[rescue] reading old unix disks from Linux
merlyn at geeks.org
Fri Apr 26 11:11:33 CDT 2019
On Fri, Apr 26, 2019 at 05:46:57AM -0400, Andrew K. Bressen wrote:
> I have old SCSI drives I'm trying to read, and I'm running into a number
> of different issues I'd welcome feedback on.
> I've got drives from PCs, Macs, Suns, and DEC machines, and I'm using a
> 32 bit linux box (3.x kernel) to read them all. One thing I'm
> wondering is if I'd have fewer problems booting off a FreeBSD or NetBSD
Honestly, I'd try to get images of those drives read into some virtual
format, and run emulators of each of the systems you are trying to
read from. Even a PC version of Solaris would probably do much better
reading a SPARC solaris disk than any other OS.
UFS is not implemented the same. Disk partitioning never was the same.
Sun did way different than DEC, which was different than AIX, which
was different than HPUX, even if they all used UFS. None of them
partitioned the basic disks the same.
> In a few cases, I've mounted partitions and seen only a lost+found
> directory that's empty. And dated sometime in the 1990s. But if I
> run strings(1) on the dd files of the raw partitions, I see tons
> of stuff there. So, am I seeing the remains of deleted files, or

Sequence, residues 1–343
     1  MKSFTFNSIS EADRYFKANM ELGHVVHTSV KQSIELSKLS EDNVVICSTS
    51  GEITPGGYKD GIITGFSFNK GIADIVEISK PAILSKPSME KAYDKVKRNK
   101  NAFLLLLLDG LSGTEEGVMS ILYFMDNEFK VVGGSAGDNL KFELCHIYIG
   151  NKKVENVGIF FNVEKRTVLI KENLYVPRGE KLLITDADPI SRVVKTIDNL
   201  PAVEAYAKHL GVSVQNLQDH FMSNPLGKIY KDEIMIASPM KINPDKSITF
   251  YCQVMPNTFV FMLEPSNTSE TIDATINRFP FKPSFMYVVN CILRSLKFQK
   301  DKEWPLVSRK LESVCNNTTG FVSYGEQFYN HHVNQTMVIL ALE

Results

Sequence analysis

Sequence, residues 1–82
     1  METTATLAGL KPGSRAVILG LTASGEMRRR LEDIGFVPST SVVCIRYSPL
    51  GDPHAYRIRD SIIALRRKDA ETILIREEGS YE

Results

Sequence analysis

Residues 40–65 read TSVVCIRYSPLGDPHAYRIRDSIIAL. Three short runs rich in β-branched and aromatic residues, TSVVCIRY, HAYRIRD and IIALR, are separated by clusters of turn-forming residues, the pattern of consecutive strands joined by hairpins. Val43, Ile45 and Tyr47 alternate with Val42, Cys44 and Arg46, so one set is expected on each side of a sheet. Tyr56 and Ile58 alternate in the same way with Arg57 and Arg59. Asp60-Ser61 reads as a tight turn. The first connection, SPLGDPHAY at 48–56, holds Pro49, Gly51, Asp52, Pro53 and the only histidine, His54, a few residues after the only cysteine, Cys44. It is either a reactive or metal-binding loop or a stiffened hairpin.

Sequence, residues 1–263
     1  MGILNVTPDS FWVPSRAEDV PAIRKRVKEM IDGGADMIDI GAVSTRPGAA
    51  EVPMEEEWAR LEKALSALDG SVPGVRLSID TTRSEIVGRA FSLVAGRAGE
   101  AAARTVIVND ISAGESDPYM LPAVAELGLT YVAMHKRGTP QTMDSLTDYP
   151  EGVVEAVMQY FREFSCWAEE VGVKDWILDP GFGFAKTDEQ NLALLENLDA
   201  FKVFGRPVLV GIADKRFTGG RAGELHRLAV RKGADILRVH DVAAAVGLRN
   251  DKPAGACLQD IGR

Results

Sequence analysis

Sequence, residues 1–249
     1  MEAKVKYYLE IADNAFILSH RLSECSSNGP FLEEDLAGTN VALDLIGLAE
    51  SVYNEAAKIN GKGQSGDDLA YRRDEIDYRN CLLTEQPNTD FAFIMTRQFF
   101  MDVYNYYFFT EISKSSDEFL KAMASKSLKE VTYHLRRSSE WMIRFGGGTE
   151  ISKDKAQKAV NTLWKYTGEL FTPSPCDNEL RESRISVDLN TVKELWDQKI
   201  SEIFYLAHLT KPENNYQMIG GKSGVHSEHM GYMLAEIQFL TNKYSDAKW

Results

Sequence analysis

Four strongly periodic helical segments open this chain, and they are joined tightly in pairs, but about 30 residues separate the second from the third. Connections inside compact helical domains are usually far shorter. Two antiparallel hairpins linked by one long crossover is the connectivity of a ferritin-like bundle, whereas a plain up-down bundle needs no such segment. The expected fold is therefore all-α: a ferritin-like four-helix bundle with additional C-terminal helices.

> is the UFS driver buggy or having a poor interaction with the kernel's
> determination of partitions? Is there an undelete tool for antique UFS?
I'd think that if you did get it to mount to a point where you could
see /lost+found that you found a combination of the proper settings to
really read the disk, and most likely the files were "erased", which just
means that the directory node entry was removed, and the datablocks
put in the available pool (just like any OS does), while leaving
the contents of the file still in all its old disk blocks for you to read.
BSD systems come with 'fsdb' to repair UFS file systems, but it requires
a knowledge of the way UFS works, and lots of manual fiddling.
I don't know of any general purpose undelete tools, although I'm sure
people have proprietary inhouse solutions somewhere (ie. FBI/NSA/Ontrack)
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